Education: Preschool, Public School, and More

Over the past few months, several people have asked me to share my thoughts on school. When did I start sending my children to preschool? How do I feel about half day versus full day? Why did I choose to send my children to public school instead of private school? 

In a way, it's hard to talk about education and the choices I've made for my children because I feel - probably incorrectly - that it locks me into the decisions I've made. I've chosen public school for my kids, and - if I share why - then I can never take another route. 

So, let me begin with this disclaimer. If at any point this path doesn't work for one of my children or stops working for one of my children, I will not hesitate to return to the drawing board and look for a better solution.

Now, let's begin at the beginning.

Both of my boys began two-day-a-week half-day preschool at two years old. Both Griffin and Amos had been attending Mommy's Day Out for five hours a day two days a week since a very young age. Both boys were confident and curious and neither experienced any anxiety beyond the normal separation anxiety every toddler goes through.

So, for us, preschool was a no-brainer.

All of our decision-making is simplified because we live in a small town and there are fewer options. We only had three or four preschools to choose from and none of them were difficult to get into. We chose Immanuel Baptist Preschool because I was incredibly impressed by the director and loved the curriculum focus on self-control and character. I have never not once regretted that choice.

Both Griffin and Amos attended two-day-a-week classes for two years before moving up to five-day-a-week pre-K. We never considered holding them back for a year in the four-year-old class because - as I explained in this post - holding back was never the right choice for our boys. 

After preschool, Griffin began kindergarten at Clark Elementary School (which just so happens to be next door to Immanuel Baptist Preschool!) in the fall of 2014. Amos will begin in the fall of this year. (WHELP!)

When it came time for elementary school, our options were a bit more complicated. Paducah has excellent public schools and two public school systems - Paducah Public Schools and McCracken County Public Schools. We also have St. Mary School System, our local Catholic private school, and Community Christian Academy, our local Christian private school. Then, of course, there is always homeschooling.

While I would never remove homeschooling as an option, I simply do not have the patience or skills to teach young children, even my own, how to read or add or subtract or do any of the most rudimentary skills. I can barely handle teaching Griffin how to tie his shoes. I just don't have the patience.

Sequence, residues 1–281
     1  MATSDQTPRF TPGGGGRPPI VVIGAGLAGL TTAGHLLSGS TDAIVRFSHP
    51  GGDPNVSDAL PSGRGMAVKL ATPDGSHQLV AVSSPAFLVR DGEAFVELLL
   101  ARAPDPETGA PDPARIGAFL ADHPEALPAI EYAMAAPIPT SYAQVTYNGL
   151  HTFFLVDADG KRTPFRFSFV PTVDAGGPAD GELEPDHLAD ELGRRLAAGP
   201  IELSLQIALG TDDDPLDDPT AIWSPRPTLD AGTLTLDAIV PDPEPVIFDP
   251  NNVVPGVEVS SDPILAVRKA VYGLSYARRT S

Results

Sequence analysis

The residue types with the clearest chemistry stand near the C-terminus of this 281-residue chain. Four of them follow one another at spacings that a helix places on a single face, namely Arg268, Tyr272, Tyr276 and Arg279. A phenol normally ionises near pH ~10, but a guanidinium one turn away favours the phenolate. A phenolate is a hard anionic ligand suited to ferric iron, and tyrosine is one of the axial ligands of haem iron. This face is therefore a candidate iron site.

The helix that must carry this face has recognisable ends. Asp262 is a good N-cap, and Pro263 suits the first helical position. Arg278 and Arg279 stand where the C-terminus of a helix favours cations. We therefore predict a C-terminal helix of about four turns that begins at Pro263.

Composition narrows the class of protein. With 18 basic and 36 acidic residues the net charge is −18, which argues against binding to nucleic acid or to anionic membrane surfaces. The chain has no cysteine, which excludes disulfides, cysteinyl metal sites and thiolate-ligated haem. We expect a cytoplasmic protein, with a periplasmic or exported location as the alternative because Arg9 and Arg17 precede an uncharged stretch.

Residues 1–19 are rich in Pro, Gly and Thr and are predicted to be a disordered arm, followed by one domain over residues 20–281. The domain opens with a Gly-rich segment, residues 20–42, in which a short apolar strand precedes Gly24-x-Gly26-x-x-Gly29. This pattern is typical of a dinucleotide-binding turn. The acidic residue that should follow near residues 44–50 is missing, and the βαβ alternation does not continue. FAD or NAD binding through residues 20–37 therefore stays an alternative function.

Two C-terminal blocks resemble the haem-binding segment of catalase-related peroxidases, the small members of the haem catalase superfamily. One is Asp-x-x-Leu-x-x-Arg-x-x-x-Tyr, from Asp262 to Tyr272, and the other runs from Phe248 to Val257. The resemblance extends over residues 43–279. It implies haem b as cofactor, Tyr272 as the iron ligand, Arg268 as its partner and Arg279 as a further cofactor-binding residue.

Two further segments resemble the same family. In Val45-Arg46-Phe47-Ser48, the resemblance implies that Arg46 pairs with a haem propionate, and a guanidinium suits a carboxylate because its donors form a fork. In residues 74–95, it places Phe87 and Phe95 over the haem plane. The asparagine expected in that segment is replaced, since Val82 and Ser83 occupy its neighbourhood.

Now, helping a middle schooler or high schooler explore subject areas or do research or learn more about physics or algebra, I'd be all about that. That I could handle and would most likely enjoy. But teaching a five-year-old to read? Pass.

So, homeschooling was off the table. 

As far as private school, the ability to send our children to great public schools was one of the primary reason we moved home in 2009. I understand that many aren't that lucky and private school is one of the best options they have. I am very thankful (and much richer!) because our family is not put in that position.

To many of my friends, religious education is important enough to choose one of our private schools. It is not to our family. I do not send my children to school for moral education. Now, I do believe that school is a good testing ground for the morals I've hopefully instilled in them but that's another post. 

So, we were left with choosing between the city schools and the county schools. I am a product of the county school system and was the fourth generation of my family to graduate from Heath High School. However, several years ago the county high schools merged and Heath High School was closed ending any loyalty I had to the county school system.

We live in the city school district and the elementary school was around the corner from my house. Many of our close friends sent their children to the city schools and were incredibly happy the education their children were receiving. 

Of course, the same could be said of our friends sending their children to elementary schools in the county. The differences between the elementary schools weren't many. So, we were left to look a little beyond kindergarten to the impact of our choice.

There are a couple of big differences between our area high schools. First, McCracken County Public School is the home to almost 2,000 high school students. The enrollment of Paducah Tilghman is about 750. That's a big difference. The enrollment at my high school was a little over 500 and while I understand the increased opportunities that come from a school that big, for me size matters and it seems that most of the science agrees.

Plus, Paducah Public Schools has a much more diverse population. My high school was small but it was also incredibly uniform with regards to race and economic background. Nicholas, however, went to a diverse high school and argues he is better for it. I understand that diversity isn't a top priority for every family. Obviously, I moved my family from Washington, D.C., to Paducah so it isn't the only thing that matters to me. However, it was important enough to consider.

Truthfully, throughout the entire process, I've always tried to remind myself that my kids will most likely be fine. They are smart. They have parents who care and are invested in their education. Should any problems arrive our family has the time and resources to deal with them. No decision is really going to make or break them educationally. 

With our kids, careful thinking is always important but one decision rarely predicts the outcome of their entire lives.

Education is no different.